From the corridor floors to the restroom walls, all the world’s a gallery in the new Engineering Research Center.
The new building features “The Garden in the Brain,” a site-specific, mixed-media collection created by renowned artist Spencer Finch. The collection is comprised of nine pieces, the largest of which is located on the main entry wall and can be viewed from outside through the glass.
“The Garden in the Brain” is a “series of tessellation patterns,” which refer to “ancient decorative motifs and modern engineering concepts,” according to a wall plaque in the ERC. The tessellations are interspersed throughout the building and are made of “plywood, glass, ceramic, porcelain and wood finishes.”
Finch boasts many artistic accomplishments, including the creation of the sole work of art commissioned for the National September 11 Memorial and Museum. He also holds a graduate degree from the Rhode Island School of Design. “We’re really honored to have (art from) an artist of his caliber,” said Jennifer Casasanto, associate dean for programs and planning in the School of Engineering.
During the early phases of the project, Finch met with various members of the engineering community, Casasanto said, adding that she was impressed by “how caring and how thoughtful (Finch) was about understanding us.”
Finch said that in these initial stages he had several useful conversations with Larry Larson, the dean of engineering, during which the two discussed the “intersections between engineering and art that could be a useful area of exploration for the project,” Finch said.
Larson “talked about (how) engineering students are so interested in seeing patterns and … understanding them and how certain patterns and tessellations are ways of visualizing certain engineering concepts,” Finch said.
It was this idea of patterns that served as Finch’s inspiration. “I had been interested in (patterns) for a long time, especially ancient geometric patterns in tiles and mosaics from the Romans and from the Arabs in Spain and North Africa,” Finch added.
Casasanto said that many members of the engineering community have now become “really big fans” of Finch. “It’s amazing to see people walking through the building looking for his art and having conversations about art,” she said.
Jo-Ann Conklin, director of the David Winton Bell Gallery, described Finch as a “fabulous colorist” and said that his art in the ERC is “totally unique because … it was done specifically for this building and because Spencer has never worked with tessellations before,” she said.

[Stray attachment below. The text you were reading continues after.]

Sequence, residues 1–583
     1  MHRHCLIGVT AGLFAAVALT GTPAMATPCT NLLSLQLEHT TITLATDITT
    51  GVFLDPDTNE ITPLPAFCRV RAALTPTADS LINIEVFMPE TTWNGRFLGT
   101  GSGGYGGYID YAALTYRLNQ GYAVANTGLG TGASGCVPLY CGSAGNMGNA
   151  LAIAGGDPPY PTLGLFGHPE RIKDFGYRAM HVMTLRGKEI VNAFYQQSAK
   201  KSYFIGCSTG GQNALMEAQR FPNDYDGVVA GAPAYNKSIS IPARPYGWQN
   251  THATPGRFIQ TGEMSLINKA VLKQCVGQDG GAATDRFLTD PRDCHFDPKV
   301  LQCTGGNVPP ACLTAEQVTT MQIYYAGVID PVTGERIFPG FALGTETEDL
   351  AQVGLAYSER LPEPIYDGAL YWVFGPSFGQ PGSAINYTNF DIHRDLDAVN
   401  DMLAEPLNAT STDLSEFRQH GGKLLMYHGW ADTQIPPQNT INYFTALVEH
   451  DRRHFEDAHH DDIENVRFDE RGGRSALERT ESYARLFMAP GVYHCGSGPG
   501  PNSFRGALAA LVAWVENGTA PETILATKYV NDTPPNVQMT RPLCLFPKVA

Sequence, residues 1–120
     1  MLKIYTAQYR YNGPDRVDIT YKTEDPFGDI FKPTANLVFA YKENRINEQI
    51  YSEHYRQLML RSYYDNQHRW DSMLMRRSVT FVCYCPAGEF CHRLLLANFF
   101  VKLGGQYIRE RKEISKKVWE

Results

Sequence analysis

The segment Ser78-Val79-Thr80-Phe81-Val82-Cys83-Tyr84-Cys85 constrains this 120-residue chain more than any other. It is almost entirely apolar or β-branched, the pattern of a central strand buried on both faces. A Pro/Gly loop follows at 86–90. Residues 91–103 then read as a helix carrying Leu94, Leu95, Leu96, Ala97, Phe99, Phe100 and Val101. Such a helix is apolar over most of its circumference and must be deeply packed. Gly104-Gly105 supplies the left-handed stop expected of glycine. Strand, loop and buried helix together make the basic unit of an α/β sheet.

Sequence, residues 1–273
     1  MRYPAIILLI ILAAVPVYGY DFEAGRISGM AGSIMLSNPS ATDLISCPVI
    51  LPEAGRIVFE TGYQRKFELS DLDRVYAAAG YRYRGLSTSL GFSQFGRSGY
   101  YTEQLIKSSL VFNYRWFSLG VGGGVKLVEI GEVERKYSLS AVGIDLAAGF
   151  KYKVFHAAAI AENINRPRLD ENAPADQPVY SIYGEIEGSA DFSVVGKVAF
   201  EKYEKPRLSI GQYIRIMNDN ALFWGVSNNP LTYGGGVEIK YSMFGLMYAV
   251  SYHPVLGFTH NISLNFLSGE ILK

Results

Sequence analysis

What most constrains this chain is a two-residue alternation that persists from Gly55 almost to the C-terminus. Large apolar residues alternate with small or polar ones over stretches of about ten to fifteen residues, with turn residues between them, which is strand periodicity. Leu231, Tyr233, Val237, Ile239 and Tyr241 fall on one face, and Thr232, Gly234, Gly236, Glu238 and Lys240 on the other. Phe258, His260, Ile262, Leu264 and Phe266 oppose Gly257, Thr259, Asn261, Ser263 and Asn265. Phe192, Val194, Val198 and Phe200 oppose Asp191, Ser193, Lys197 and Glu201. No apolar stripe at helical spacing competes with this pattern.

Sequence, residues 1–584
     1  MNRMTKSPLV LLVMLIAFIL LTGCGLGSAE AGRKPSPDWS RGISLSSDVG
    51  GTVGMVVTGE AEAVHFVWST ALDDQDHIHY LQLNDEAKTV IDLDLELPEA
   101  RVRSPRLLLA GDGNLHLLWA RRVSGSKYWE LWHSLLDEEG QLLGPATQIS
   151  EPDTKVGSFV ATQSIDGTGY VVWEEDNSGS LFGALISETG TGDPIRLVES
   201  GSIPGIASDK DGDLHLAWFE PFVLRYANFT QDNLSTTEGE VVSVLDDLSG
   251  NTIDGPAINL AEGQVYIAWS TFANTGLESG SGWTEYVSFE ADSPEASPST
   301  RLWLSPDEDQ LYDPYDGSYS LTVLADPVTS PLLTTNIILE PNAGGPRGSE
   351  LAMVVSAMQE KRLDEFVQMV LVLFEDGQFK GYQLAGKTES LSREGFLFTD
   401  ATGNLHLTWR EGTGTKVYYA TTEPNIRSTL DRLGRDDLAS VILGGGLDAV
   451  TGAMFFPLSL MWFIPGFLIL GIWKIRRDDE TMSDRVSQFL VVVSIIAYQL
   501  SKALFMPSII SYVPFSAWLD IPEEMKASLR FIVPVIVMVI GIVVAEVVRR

Another aspect of this project was new: Finch said he had “never done a project where the form of the artwork is so connected to the … purpose of the building.”
The art in the ERC was a Percent-for-Art project, an initiative where “1 percent of the construction budget for all new buildings or major renovations” at Brown must be used to commission public art, according to the Public Art at Brown website.
The University’s first Percent-for-Art project was Diane Samuels’ “Lines of Sight,” the pedestrian bridge in the Sidney E. Frank Hall for Life Sciences, which was completed in 2006, according to the website.
The budget for Finch’s project, which is the tenth completed Percent-for-Art project at Brown, was greater than past budgets. “Because (of the) many labs in (the ERC, it) is an expensive building, so we had $700,000 for this,” Conklin said.
Another way Brown obtains public art is through the loan system. Urs Fischer’s “Untitled (Lamp/Bear)” and Giuseppe Penone’s “Idee di Pietra (Ideas of Stone)” are the current pieces on loan. “There are a lot of Brown alums who collect art, and some of them have really extraordinary collections, and so these were folks … (who) offered to lend these pieces to us,” Conklin said.
Pieces of public art loaned to Brown in the past include Paola Pivi’s “Untitled (Donkey),” which covered three floors of the exterior of the Sciences Library and depicted a donkey standing in a boat, and Orly Genger’s ’01 “You,” which was displayed on the Quiet Green and was 230 feet long and made of recycled lobster rope.
“We have compiled, over a short period of time, a really great selection of (public art) works by well-known artists and also others by young, up-and-coming people,” Conklin said.